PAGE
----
From George Maponga in Masvingo
The long-awaited Tokwe-Mukosi Dam in the arid southern Masvingo, financed by Government at a cost of nearly $260 million, has started collecting water after construction was completed in December last year.
More than 200 million cubic metres of water having already accumulated.
Commissioning of the dam, whose construction started almost 18 years ago, is expected soon.
Tokwe-Mukosi Dam becomes Zimbabwe’s largest inland water body with a capacity of 1,8 billion cubic metres when full.
Its completion has jolted Government, to start crafting an irrigation master plan with southern parts of Mwenezi, Chiredzi and Matibi 2 communal lands expected to turn into greenbelts through irrigation.
Zimbabwe National Water Authority (Zinwa) corporate communications officer Mr Tsungirirai Shoriwa yesterday said Tokwe-Mukosi Dam was completed on December 10 last year.
He said the main contractor-Salini Impregilo of Italy still maintained presence at the dam site doing some final touch ups to ready the dam for its impending commissioning.
“Tokwe-Mukosi Dam is now complete and started impounding water on December 10, 2016,’’ said Mr Shoriwa.
“The contractor (Salini Impregilo) is still on (the dam) site finalising some minor works to tidy the site. Preparations for the commissioning of the dam are ongoing and once all the logistics are in place, the commissioning will take place,’’ he added.
Mr Shoriwa said completion of Tokwe-Mukosi Dam would ramp up irrigation in the Lowveld while reducing pressure for water from existing dams that of late have been struggling to irrigate sugar plantations because of low levels blamed on recurrent droughts caused by climate change.
“As of January 17, 2017, the dam held 210 million cubic metres of water, which is capable of irrigating at least 3 000 hectares and this will certainly bring huge relief to the irrigating communities in the Lowveld, who have been largely reliant on Mutirikwi and other dams in the region,’’ said Mr Shoriwa.
At full capacity, Tokwe-Mukosi will irrigate more than 25 000 hectares transforming Masvingo province into Zimbabwe’s irrigation hub and the country’s breadbasket.
Preliminary estimates indicate that at least $250 million will be required to develop land to be irrigated by Tokwe-Mukosi Dam water with Government having already invited private companies to exploit the opportunity and avail funds for irrigation development.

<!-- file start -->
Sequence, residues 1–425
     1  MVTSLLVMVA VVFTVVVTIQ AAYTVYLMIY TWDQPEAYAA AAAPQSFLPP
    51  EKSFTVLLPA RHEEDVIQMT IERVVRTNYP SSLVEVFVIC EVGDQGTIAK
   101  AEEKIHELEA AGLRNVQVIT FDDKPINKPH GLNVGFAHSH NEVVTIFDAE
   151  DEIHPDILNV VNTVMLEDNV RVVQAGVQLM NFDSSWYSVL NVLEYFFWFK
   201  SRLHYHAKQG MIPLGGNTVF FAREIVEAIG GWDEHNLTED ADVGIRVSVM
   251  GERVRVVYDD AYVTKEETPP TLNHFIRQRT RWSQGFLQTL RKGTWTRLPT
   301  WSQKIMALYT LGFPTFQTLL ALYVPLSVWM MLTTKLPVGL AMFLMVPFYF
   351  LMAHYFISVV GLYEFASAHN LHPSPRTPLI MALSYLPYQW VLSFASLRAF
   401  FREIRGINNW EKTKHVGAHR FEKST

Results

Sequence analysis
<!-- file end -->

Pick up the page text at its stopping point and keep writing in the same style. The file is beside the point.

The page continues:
Besides turning arid parts of Mwenezi, Chiredzi and Matibi 2 communal lands into perennial greenbelts, the dam will also result in a net jump of annual sugar production in the Lowveld by 15 percent.
The Lowveld sugar industry will immensely benefit from Tokwe-Mukosi which will provide an alternative source of water with reduced rainfall, failing to fill traditional sources of water such as Lake Mutirikwi, Manjirenji, Muzhwi and Bangala dams.
Plans are also afoot to set up Zimbabwe’s second ethanol plant at Nuanetsi Ranch in Mwenezi at a cost of $400 million with the investor Zimbabwe Bio Energy fronted by businessman Mr Billy Rautenbach pinning the investment on water from Tokwe-Mukosi Dam.
Tokwe-Mukosi will also boost the economic fortunes of parts of Chivi and Masvingo districts through tourism as hotels and casinos are planned along the dam’s scenic shores.
The dam will also generate over 15 megawatts of electricity enough to light up the whole of Masvingo with at least $20 million required to install a hydro-power plant at Zimbabwe’s newest dam.
Government, through the Parks and Wildlife Management Authority, also plans to open a new mega-national park around Tokwe-Mukosi Dam with wildlife expected to be trans-located from other local wildlife sanctuaries.
Completion of Tokwe-Mukosi Dam was delayed as work at the dam was periodically affected by stoppage owing to payment problems between Government and the main contractor.
Article Source: The Chronicle